On a typical work day you will find Darin Kuhnke, a Wilderness Resort aquatics manager, working on staff schedules, overseeing waterpark operations, finding reasons that make employees happy to come to work, and providing exceptional customer service. However, what many guests don’t realize is that he also wears a different “hat” at the Resort. Kuhnke has become recognized as the official animal rescuer for wild life that is found to be struggling for one reason or another at the Resort.

Kuhnke, an avid outdoorsman, trapper, hunter and bee keeper, first stepped into his alternative role as animal rescuer almost a decade ago when a raccoon had made its way up a waterslide tower and needed to be retrieved. He volunteered to go up the tower, help the raccoon down and got him safely back into the woods where he belonged.

Since then, a couple of times a year, Kuhnke finds himself getting the call about animals at the Resort who are either where they don’t belong or are injured and in need of help. He has rescued fawns, porcupines, and endangered bats, relocated a den of baby foxes, saved trapped ducklings from sewer grates and given snapping turtles who have been hit by cars or wandered where they shouldn’t be a second chance at survival. He also has plans for a honey bee removal on property later this fall.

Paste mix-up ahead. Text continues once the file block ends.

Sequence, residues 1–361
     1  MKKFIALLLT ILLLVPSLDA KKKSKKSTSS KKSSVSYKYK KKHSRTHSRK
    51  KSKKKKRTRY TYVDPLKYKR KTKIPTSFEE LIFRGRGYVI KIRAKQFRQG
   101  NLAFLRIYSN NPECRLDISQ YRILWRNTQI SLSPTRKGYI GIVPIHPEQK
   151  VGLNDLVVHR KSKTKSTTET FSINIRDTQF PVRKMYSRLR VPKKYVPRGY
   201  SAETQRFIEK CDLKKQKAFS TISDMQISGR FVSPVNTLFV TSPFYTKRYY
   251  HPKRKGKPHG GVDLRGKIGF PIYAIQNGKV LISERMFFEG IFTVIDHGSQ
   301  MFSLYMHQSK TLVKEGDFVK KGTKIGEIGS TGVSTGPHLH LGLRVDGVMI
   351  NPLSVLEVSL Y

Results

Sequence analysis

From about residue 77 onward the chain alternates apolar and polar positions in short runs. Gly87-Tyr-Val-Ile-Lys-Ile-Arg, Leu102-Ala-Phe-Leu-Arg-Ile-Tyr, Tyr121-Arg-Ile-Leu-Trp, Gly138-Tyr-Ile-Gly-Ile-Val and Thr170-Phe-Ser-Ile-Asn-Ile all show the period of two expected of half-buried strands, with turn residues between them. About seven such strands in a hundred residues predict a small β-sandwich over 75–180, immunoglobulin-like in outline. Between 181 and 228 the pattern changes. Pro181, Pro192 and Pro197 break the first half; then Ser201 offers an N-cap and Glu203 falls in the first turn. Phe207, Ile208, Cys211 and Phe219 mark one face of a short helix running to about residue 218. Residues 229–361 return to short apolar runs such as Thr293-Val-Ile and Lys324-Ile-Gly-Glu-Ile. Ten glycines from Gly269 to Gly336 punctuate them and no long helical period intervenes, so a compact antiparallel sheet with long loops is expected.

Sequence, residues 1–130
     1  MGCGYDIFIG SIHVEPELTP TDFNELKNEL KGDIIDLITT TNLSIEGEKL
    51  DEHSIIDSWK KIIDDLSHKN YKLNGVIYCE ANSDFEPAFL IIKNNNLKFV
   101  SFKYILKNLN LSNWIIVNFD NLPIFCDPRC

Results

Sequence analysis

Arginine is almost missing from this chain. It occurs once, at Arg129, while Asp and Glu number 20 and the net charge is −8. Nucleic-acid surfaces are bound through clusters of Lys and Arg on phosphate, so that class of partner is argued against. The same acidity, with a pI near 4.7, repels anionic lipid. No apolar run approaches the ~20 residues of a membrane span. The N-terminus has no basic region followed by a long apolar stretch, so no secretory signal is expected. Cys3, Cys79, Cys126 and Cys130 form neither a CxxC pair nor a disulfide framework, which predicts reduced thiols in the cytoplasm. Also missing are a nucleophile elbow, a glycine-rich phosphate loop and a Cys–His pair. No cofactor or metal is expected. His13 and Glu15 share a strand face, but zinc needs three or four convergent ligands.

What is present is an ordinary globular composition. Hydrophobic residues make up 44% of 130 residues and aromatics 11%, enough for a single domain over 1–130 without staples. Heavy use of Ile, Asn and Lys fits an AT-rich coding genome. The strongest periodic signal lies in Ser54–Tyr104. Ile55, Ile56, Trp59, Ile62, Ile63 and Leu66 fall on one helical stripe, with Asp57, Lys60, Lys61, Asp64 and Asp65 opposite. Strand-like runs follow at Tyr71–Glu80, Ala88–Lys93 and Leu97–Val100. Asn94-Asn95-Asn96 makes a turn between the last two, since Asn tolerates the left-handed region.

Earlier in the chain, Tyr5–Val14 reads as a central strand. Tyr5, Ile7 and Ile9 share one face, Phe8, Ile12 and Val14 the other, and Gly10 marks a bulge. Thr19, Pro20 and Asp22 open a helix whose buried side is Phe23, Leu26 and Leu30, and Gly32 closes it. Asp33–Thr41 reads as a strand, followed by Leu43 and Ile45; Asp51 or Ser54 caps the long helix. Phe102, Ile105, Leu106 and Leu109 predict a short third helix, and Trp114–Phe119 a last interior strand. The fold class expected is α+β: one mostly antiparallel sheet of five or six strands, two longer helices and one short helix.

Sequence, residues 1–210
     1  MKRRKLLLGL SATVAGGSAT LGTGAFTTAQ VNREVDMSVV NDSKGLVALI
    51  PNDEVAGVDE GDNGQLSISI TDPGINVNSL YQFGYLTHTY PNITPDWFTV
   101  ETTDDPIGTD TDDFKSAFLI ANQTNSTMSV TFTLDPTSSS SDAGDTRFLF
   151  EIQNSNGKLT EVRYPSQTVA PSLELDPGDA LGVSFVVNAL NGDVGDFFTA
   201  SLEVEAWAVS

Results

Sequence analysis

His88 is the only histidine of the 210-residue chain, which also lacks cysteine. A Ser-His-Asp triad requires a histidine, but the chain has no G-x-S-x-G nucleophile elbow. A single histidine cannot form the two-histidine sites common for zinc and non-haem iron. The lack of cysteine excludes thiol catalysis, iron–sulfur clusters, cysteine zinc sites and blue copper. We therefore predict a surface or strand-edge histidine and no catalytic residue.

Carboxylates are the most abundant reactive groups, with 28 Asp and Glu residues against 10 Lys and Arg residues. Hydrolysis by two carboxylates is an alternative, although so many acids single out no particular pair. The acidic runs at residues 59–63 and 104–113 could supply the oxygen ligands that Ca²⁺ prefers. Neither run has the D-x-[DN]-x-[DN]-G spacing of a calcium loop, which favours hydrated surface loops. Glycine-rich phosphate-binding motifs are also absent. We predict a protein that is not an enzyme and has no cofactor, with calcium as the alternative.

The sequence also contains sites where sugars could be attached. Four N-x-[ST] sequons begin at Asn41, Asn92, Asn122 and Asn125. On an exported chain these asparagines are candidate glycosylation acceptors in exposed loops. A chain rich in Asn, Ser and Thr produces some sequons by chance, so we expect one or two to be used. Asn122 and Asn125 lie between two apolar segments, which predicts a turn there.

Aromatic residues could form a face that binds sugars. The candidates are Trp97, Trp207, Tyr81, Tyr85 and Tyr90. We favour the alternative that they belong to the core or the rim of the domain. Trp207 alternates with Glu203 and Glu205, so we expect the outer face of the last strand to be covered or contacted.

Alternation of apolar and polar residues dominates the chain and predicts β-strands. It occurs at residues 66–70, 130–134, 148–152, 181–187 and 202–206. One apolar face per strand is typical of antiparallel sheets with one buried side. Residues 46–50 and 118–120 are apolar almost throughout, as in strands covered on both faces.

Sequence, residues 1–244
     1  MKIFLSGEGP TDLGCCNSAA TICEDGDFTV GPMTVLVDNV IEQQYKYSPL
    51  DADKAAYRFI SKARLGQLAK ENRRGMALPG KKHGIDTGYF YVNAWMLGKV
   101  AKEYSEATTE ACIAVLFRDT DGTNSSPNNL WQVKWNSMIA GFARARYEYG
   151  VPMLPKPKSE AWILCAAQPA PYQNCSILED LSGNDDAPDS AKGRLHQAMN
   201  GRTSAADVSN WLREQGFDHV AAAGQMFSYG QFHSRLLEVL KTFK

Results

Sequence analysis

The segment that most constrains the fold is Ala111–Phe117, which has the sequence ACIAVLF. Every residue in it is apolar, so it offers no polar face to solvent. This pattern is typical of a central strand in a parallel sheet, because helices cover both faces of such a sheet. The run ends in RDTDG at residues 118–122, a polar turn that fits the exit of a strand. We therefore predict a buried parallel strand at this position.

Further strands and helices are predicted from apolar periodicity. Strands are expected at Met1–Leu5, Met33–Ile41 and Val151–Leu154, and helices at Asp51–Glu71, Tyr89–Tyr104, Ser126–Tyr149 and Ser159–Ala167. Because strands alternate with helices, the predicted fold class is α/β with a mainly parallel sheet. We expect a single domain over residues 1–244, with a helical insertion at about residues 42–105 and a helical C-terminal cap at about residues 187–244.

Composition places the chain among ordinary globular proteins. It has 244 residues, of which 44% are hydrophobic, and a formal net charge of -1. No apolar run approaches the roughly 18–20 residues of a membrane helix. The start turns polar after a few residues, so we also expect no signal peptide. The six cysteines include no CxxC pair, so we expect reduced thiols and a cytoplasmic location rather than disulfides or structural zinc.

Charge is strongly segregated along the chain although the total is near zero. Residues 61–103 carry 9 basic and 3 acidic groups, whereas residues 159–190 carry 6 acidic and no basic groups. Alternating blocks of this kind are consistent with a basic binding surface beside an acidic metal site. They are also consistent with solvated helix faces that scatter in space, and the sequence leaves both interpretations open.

His most recent rescue was a one-winged goose that was struggling in the resort’s Wilderland park area. After a bit of coaxing, Kuhnke and a co-worker were able to capture the goose, who they named “Lucky.” Kuhnke took him to the Sauk County Humane Society who transported him to the Dane County Humane Society who has an injured wild life division. Once the vets there were sure the goose was ok, they found him a new home at the Ochsner Park Zoo where he can live in a protected environment. Kuhnke, his wife and children ages 6 and 3, recently went to visit him and said it was great to see him doing so well in his new environment. He was also pleasantly surprised that Lucky the goose got to keep his new name.

When you ask Kuhnke why he has embraced this additional role for the resort, his response is simple. “I really enjoy my day-to-day job, I work with some of the best people around and we all have a great time at work. The fact that the Wilderness embraces good deeds for the better of the environment and community is amazing. I love that the Wilderness owners know my passion for wildlife and have sort of incorporated that into my position. Nobody wants to see animals struggle, and I’m thrilled that I’m able to help animals, and at the same time keep guests and employees safe by being the onsite “game keeper.” Wildlife ecology has always been a passion of mine, and I’m fascinated by the natural world. Perhaps that’s why I fit in so well at the Wilderness.”